Current insurance policies require long application forms and wait times for quote turnaround, manual renewal or reapproval by a broker upon expiration, and limited access given 9-5 office hours – major pain points for small businesses. Apollo offers a simple solution that streamlines the process and alleviates the labour intensive paperwork for both brokers and their small business clientele.

“Incidents of complex new risks such as cyber breaches, natural disasters, massive supply chain inefficiencies, and a lengthy application process, are having a negative impact on Canada’s small businesses,” added McCann. “As it stands, it currently takes roughly six weeks to process an insurance application through to policy issuance and payment settlement. By leveraging innovation and technology, Apollo is able to expedite the entire process to just five minutes.”

Apollo helps insurance brokers close deals faster, accelerate revenues, and reduce costs. By simplifying the insurance application, quoting, and buying process through digitization – all of which is currently done on paper or PDF – brokers can access multiple insurance products, covering over 500 classes of business (from studios, to retail stores, to accountants, and hair salons) on one central platform, freeing up to 45 per cent of brokers’ time from administrative tasks. Since launching Beta testing, over 300 registered individual broker users have signed up on the Apollo Exchange marketplace, transacted 800 small business policies, and processed over 3,600 digital insurance applications.

The company is led by Insurance Broker Magazine’s Top 10 Under 40 recipient and former broker, Co-Founder and CEO, Jeff McCann. The Apollo leadership team is made up of award-winning journalist, Co-Founder and Editor in Chief, David Dyck; Co-Founder and CTO, Justin Hamade; and 2018 Young Gun of the Year, Head of Broker Engagement, Margo Lyons. Supported by some of Canada’s top entrepreneurial talent, Apollo’s Board of Directors includes Drew Green, CEO of Indochino; Tim Gamble, Founding Partner at Thunderbird Entertainment; and Steve Albiani of Stratum Advisory Group.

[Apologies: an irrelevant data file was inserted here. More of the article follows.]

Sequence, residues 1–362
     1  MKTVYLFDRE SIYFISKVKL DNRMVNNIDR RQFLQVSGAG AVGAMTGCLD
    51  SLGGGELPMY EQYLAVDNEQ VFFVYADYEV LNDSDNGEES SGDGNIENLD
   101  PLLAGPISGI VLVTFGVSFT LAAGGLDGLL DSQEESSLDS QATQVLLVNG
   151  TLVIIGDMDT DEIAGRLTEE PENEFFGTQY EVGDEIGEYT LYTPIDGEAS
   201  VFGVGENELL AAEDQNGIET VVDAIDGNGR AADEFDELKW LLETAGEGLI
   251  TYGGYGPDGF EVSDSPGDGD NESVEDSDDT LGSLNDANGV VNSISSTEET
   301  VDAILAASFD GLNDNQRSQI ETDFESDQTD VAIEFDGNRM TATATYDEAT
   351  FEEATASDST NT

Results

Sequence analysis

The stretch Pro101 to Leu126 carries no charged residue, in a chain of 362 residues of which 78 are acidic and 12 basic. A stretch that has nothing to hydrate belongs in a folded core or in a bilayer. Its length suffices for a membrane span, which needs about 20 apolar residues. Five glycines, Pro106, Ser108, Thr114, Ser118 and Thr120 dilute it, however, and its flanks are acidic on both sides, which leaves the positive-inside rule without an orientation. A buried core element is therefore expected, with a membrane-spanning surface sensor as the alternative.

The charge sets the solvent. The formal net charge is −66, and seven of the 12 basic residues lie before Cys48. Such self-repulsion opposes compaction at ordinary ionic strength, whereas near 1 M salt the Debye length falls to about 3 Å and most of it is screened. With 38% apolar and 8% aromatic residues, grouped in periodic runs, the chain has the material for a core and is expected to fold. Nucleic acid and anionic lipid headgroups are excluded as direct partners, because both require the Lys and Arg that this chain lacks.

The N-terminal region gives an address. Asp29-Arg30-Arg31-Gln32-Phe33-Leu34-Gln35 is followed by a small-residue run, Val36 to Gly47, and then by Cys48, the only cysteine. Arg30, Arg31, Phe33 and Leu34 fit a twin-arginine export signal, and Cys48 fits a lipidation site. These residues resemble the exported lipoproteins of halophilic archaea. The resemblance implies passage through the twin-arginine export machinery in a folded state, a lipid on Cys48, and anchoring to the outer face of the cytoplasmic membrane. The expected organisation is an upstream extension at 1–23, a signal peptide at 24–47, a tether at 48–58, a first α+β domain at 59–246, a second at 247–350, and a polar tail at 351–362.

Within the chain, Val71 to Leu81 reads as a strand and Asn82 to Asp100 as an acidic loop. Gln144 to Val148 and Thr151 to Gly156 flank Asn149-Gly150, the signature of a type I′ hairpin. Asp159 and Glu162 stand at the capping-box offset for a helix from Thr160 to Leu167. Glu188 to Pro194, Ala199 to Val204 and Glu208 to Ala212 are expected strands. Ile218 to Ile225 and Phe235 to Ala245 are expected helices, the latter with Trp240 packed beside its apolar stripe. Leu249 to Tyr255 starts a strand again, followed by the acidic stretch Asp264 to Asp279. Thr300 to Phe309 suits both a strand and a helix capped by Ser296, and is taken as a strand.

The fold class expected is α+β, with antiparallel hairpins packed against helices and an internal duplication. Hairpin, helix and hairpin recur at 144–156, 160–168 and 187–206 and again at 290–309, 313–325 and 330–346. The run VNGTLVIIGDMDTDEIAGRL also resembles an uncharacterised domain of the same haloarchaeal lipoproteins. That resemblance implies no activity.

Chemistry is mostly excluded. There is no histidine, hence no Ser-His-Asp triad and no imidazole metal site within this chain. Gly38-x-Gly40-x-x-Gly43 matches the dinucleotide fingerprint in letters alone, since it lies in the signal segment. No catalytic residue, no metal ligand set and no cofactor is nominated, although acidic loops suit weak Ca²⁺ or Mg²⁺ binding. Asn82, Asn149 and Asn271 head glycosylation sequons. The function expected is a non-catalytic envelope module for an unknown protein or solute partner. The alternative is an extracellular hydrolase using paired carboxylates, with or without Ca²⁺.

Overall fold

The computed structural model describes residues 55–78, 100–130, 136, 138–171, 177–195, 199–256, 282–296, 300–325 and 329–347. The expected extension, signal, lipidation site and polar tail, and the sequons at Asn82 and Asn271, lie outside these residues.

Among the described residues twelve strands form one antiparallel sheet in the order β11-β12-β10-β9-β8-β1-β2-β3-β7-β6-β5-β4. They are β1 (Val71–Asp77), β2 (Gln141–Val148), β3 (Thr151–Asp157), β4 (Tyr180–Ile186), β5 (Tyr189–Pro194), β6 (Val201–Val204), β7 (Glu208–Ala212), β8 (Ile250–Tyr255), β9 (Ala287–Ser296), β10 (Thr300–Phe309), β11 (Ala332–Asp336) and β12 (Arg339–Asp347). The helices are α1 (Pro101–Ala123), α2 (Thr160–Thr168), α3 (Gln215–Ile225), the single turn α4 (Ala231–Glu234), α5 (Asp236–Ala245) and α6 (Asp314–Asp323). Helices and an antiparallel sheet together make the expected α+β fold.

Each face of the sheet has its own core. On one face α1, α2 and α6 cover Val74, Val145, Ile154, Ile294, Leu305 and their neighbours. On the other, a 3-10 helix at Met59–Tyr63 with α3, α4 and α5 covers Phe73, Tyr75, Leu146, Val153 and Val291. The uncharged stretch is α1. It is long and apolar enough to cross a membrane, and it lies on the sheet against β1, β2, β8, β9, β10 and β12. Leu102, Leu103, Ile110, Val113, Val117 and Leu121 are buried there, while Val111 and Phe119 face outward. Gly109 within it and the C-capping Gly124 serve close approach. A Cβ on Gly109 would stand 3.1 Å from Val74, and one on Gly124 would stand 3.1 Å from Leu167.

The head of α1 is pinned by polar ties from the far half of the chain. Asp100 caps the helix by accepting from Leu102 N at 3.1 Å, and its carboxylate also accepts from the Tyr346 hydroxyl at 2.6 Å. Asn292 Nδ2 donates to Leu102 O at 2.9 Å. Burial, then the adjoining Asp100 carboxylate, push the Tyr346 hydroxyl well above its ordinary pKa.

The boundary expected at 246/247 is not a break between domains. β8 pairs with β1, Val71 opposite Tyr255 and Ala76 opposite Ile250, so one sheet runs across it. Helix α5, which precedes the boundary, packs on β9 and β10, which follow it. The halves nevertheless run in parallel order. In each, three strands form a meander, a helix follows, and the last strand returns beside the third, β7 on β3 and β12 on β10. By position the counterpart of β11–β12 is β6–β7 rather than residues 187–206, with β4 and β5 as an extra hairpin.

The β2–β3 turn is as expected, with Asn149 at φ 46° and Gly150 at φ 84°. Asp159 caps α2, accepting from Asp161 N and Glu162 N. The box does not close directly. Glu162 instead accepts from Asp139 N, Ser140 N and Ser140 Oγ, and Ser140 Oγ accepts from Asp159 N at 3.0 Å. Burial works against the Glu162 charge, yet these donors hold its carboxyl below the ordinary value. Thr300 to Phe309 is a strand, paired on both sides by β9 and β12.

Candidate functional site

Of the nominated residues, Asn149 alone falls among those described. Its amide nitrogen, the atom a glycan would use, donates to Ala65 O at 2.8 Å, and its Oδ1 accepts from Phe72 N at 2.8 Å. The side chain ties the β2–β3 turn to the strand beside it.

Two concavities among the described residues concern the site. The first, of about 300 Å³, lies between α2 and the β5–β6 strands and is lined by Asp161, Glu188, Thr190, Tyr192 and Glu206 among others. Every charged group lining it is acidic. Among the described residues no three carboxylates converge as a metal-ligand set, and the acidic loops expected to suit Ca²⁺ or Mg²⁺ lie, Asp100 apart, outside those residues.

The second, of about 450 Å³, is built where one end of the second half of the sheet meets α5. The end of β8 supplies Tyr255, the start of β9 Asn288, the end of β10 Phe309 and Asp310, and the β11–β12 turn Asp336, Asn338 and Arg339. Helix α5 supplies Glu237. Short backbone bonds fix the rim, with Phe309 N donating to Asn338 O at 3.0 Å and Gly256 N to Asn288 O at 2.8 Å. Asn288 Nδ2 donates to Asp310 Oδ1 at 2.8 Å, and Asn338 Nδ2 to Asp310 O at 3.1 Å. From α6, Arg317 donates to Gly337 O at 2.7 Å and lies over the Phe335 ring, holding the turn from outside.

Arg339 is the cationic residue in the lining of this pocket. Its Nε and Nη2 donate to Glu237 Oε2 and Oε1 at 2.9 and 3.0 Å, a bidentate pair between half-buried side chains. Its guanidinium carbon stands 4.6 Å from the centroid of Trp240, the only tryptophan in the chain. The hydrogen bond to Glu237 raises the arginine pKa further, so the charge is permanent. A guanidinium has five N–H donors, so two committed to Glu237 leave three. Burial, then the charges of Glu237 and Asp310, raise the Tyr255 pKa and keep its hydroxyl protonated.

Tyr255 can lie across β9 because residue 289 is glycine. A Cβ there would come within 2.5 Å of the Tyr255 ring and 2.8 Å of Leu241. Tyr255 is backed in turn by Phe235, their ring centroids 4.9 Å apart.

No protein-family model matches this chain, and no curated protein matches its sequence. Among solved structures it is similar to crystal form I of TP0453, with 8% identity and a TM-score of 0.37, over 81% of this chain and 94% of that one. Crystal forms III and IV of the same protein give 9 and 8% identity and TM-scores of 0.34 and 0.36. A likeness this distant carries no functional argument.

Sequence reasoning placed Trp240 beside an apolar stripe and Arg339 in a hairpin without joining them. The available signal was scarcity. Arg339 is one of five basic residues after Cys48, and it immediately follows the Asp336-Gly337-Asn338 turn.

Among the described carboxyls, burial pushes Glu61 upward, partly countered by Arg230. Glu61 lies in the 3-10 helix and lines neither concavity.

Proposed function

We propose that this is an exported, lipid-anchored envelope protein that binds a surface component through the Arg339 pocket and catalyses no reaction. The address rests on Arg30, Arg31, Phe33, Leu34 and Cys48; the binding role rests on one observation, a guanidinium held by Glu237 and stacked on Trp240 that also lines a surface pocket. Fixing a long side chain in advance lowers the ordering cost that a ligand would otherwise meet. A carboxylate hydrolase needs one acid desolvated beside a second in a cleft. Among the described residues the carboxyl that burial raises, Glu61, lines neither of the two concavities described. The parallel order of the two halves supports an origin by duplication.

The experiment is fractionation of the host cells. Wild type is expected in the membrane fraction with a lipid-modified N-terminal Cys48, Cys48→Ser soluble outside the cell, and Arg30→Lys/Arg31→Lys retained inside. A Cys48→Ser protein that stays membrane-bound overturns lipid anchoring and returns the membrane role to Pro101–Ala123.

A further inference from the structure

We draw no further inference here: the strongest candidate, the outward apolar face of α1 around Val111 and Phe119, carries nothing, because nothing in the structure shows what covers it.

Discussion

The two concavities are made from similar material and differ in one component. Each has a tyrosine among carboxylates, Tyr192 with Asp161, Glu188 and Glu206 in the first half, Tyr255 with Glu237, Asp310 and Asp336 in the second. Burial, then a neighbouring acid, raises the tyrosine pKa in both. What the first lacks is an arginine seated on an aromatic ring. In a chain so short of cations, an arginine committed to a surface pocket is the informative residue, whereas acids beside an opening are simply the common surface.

About Apollo Insurance Solutions

Headquartered in Vancouver’s Gastown neighbourhood, Apollo Insurance Solutions is Canada’s largest online insurance marketplace. Co-founded by Jeff McCann, David Dyck, Justin Hamade, and Drew Green, Apollo was created to empower brokers to better serve small businesses by giving them 24/7 access to digital insurance.

Apollo Exchange offers Canada’s brokers access to multiple insurance providers, with over 500 classes of insurance. Unlike the traditionally lengthy insurance policy and application process – which can take up to six weeks – Apollo users can quote, pay, and have their policy documents issued online in just under five minutes, allowing them to focus on the important stuff: building trusted relationships and offering strategic, thoughtful counsel.

Following the completion of its Beta testing in April 2019, Apollo has successfully closed its angel round of funding, raising $1 million CAD with the support of notable investors, including Drew Green, Matias Marquez, Kim Kaplan, and Caliber Ventures. Acting members of Apollo’s Board of Directors are leading industry and entrepreneurial figures Drew Green, Steve Albiani, Tim Gamble, and Jeff McCann. In June 2019, the company launched a first of its kind, digital, monthly subscription service. For more information, visit: http://story.apollocover.com/

Subscribe To Our Newsletter

Join our mailing list to receive the latest news and updates from ILSTV

You have Successfully Subscribed!

Pin It on Pinterest